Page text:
F = (g x m1 x m2)/r2
The scientific search for patterns in elementary particles, and for broadly applicable formulas and laws (such as the so-called theory of everything, or the “God particle”) is motivated by a belief that there is an underlying pattern and beauty in the way things are. Einstein, who was not a believer in a personal God, sometimes spoke as if there was a God who had arranged things in the way that they were, understandable, describable, and relatively simple.
Richard Feynman, Nobel laureate, said: “What is it about nature that lets this happen, that it is possible to guess from one part what the rest is going to do? That is an unscientific question: I do not know how to answer it, and therefore I am going to give an unscientific answer. I think it is because nature has a simplicity and therefore a great beauty.” “Seeking New Laws,” pp. 143-167, in Richard Feynman, The Character of Physical Law, New York: Modern Library, 1994. Quote is from p. 167. I have read most of Feynman's popular writing, and seen no evidence that he believed in God at all.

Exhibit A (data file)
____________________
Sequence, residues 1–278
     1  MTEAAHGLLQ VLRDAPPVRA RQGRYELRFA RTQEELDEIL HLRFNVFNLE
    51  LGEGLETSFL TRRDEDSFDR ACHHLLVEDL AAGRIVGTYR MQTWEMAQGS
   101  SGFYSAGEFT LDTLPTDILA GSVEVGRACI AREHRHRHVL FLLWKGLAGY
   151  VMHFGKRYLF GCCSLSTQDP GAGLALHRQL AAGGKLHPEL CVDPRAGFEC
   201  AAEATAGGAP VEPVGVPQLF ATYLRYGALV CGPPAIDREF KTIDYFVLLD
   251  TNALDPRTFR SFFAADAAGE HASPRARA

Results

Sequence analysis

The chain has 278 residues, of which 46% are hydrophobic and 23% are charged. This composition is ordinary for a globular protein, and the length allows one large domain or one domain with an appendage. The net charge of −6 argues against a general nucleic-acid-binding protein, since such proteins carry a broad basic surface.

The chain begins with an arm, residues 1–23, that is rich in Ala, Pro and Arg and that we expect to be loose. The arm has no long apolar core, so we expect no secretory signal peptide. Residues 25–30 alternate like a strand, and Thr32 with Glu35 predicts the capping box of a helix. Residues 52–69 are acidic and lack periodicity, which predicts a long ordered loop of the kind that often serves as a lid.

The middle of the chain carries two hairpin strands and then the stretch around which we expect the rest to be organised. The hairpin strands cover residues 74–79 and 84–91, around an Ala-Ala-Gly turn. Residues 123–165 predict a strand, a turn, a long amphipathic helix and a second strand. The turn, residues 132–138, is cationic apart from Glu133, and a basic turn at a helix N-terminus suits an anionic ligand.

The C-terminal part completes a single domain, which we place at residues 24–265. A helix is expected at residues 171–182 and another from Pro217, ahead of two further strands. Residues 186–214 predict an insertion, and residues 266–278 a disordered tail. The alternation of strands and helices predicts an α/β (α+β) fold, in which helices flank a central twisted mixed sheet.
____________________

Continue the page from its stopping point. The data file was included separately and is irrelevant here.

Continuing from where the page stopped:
Naismith imagined a game involving tossing a ball into peach baskets.
Thanks for reading, and thanks to my wife for suggestions.
*November 14, 2013: I recently read a post by Ken Schenck, who pointed out that God created the nothing, too. It wouldn't have been there without God. That's deep . . .